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Cambridge Centre for Smart Infrastructure and Construction

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Director of CSIC talks data and digital twins in BIM+ interview

last modified Mar 01, 2019 05:07 PM
BIM+, the Chartered Institute of Building (CIOB) publication, has published an interview with CSIC Director Dr Jennifer Schooling OBE that discusses BIM as information management across the whole lifecycle of an asset.

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Asked about her views on the national progress of BIM, Dr Schooling said; “There are obvious benefits during design and delivery, but the biggest benefits will come from using information throughout the asset’s lifecycle. BIM needs the engagement of people who will own and operate the asset once it has been handed over to ensure that project teams get the right information requirement specifications to respond to. Without that, they can only really manage the information that is of most relevance to them.”

Understanding the performance of our infrastructure is, said Dr Schooling, key to securing wholelife value: “CSIC has been looking at how we can use live data from sensors and various other sources to really understand how assets perform. That enables us to calibrate our design models, better understand the mechanics of how things operate and perform post-construction.”

Highlighting a number of innovative CSIC projects, including monitoring the heritage assets Christopher Wren’s St Mary Abchurch and George Dance’s Mansion House, as part of Transport for London’s Bank tube station capacity upgrade, Dr Schooling cited the benefits to the asset owners and managers.

“We were feeding our data on an hourly basis to the contractor’s monitoring dashboard, providing much more detailed information about the asset than they would have been able to get otherwise… The ultimate aim is to avoid disasters, like the Genoa bridge, as well as disruptions such as the closure of the Forth Road bridge and the Hammersmith flyover. The more information we have about key assets at important points on our road or rail networks, the more likely we are to spot things before they become a crisis, dealing with them in a timely way with as little disruption as possible.”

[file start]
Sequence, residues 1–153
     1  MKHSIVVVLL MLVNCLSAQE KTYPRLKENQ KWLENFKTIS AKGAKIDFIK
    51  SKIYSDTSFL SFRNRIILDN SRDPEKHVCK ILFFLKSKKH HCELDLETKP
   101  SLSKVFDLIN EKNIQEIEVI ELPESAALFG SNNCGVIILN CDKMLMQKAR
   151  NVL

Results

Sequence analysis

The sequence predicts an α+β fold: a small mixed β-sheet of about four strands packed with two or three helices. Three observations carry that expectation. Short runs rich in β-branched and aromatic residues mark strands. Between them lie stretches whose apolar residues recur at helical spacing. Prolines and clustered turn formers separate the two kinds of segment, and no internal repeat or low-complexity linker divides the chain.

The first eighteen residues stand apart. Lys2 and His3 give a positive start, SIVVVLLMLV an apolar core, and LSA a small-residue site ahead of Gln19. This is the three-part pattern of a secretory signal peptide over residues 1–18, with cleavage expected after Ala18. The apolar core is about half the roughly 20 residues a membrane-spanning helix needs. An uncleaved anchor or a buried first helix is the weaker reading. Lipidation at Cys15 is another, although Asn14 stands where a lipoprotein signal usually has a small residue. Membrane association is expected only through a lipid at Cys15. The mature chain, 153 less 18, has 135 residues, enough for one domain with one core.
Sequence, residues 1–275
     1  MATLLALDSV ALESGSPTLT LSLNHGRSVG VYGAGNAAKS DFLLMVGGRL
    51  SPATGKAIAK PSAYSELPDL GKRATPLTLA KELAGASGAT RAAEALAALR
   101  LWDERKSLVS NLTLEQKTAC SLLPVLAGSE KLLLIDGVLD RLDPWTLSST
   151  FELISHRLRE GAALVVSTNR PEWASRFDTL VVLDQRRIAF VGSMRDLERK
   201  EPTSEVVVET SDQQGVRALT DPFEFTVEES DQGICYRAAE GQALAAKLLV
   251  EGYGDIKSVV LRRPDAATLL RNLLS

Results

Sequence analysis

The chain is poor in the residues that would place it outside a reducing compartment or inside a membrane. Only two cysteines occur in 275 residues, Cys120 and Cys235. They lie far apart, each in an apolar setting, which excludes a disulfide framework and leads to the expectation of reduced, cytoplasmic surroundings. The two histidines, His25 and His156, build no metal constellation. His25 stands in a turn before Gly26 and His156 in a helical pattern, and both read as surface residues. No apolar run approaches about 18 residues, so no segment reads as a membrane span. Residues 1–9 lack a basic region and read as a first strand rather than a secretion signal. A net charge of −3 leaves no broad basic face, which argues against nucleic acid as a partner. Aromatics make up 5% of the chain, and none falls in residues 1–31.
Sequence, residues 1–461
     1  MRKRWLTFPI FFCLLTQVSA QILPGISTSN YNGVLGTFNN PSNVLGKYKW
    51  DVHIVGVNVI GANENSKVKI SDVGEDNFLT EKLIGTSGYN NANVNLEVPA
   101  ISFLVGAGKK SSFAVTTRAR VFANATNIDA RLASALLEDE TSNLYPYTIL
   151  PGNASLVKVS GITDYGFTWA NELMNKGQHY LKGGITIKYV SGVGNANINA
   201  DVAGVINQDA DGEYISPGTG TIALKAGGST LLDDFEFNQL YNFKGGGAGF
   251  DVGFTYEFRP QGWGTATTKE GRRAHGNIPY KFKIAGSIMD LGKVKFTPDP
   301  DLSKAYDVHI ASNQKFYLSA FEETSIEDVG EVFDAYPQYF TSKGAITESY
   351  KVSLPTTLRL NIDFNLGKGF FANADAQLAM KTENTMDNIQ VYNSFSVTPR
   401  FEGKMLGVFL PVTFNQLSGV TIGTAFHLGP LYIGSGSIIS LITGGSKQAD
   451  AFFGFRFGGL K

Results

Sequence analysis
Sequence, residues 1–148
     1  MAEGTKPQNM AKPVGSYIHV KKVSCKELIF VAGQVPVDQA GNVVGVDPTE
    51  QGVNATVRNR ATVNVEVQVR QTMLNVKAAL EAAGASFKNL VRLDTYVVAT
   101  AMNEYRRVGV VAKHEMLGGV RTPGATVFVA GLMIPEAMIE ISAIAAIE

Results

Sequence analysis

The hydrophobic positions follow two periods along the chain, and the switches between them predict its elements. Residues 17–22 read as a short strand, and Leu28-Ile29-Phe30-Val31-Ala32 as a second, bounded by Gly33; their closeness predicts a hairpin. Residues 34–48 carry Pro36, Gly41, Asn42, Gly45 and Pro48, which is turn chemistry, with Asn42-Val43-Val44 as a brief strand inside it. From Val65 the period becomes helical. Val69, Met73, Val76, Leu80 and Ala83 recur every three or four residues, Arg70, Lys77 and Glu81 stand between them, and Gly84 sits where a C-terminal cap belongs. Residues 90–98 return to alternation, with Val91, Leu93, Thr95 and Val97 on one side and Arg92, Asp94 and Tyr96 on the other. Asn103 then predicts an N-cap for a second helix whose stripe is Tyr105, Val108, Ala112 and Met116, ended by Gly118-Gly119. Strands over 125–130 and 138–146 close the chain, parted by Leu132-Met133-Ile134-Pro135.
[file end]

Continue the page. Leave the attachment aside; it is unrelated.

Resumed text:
Managing and curating data is critical. Dr Schooling noted that while the construction industry creates a huge amount of data during design, construction and operation “we’re not at all good at curating that data and therefore learning from the data we have generated in the past”.

Looking ahead to the opportunity of BIM, Dr Schooling cited the National Infrastructure Commission’s Data for the Public Good report that suggests the creation of an information management framework to make data sharing seamless and the development of digital twins to help manage data through the life of an asset:

“A digital twin is really a progression of BIM. BIM will ultimately be subsumed into this bigger idea of a digital twin, which accompanies the physical asset throughout its life. All the information about the physical asset is recorded in the digital twin which will bring a huge number of benefits, both in terms of the individual asset and making the right decisions about it, and feeding learning when we design and build the next one of them.”

Read the full BIM+ Q&A article.

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CSIC is an Innovation and Knowledge Centre funded by EPSRC, Innovate UK and industry. We develop cutting edge sensing and data analysis models to provide a powerful platform for delivering data to enable smarter whole-life asset management decisions, for both new infrastructure and existing assets. CSIC collaborates with partner organisations across policy, standards and industry adoption to effect transformative change, deliver benefits to all stakeholders and establish the UK as a global leader in digital construction.